My colleagues and I were the first group of brokers to sell deregulated natural gas in Pennsylvania. Electricity would deregulate many years later in 2010 and 2011 with rate cap expirations. Many years and many grey hairs later, the number one question we get remains the same. Should I lock in a fixed price or float with the market? While there is no absolute answer, there is generally a best answer for each individual account. The difficulty lies in whether the right questions are being asked and whether business owners are properly evaluating their risks and rewards.
Energy trading has and always will be a pure supply and demand marketplace. Regardless of the most extreme conditions to either side of that equation, – whether a polar vortex increasing demand or a major hurricane impacting supply – the markets will inevitably go up and down. These extreme conditions only increase volatility. They do not change the up and down nature of trading.
When Katrina and Rita hit in 2005, the energy markets took a tremendous spike upwards, even more dramatic than the stock market fall in 2008. There was a general panic in the business community, especially for those customers who had not budgeted properly and or evaluated their risk. In the years following, we encountered many deals that were locked in 4-5 years because that long-term pricing provided a discount over a one-year deal. When the polar vortex hit in 2014, the same panic hit the marketplace again and business owners were locking in longer term deals to avoid paying the incredibly high prices for 2014. In neither case did the technical factors support the market staying up for multiple years. However, the general panic over blowing up this year’s budget caused bad decision-making that would impact the bottom line for years to come.
The most simplistic way to react to market changes is to take a position based on your tolerance for risk. Decide whether you are willing to assume a price that can spike 100% or more based on one bad event, like the two mentioned above which occurred in the past 12 years. The benefit from the market falling is usually a 10-20% decrease from normal trading, so under average conditions, there is more upside liability than downside potential. Make sure you understand the risks of being exposed to the market and don’t panic if a temporary spike works against you – history will be on your side that markets reset shortly thereafter.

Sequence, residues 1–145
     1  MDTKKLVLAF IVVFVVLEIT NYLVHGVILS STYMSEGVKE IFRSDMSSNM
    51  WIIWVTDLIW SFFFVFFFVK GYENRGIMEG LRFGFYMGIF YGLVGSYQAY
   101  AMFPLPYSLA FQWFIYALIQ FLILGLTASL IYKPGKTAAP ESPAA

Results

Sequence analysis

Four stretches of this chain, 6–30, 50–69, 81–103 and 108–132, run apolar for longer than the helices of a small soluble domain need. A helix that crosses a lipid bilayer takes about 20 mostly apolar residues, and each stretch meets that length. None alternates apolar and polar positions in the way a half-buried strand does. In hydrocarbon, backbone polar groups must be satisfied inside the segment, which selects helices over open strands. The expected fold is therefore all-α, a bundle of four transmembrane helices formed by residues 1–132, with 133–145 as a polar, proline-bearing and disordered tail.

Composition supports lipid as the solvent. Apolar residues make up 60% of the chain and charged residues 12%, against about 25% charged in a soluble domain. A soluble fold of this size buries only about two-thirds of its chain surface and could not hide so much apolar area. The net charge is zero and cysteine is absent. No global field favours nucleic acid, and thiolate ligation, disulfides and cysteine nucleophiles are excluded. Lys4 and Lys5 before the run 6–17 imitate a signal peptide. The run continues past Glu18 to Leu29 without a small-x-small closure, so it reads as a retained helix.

By taking extreme conditions out of the equation, what is a business to do with the markets up and downs? Talk to your broker or supplier about when to lock in and create enough security that you can operate your business with peace of mind. If the market falls from where you locked in, you will always need to buy more energy in outer years and start averaging down. If the market rises from where you locked in, sit back and enjoy the savings, until the market provides another window.
It is important to use the market financial tools to your advantage, but don’t act like you are an energy trader and try to beat the market. Make sure you are asking pertinent questions to evaluate risk and ensure that your energy costs are working for your business and not creating an open liability.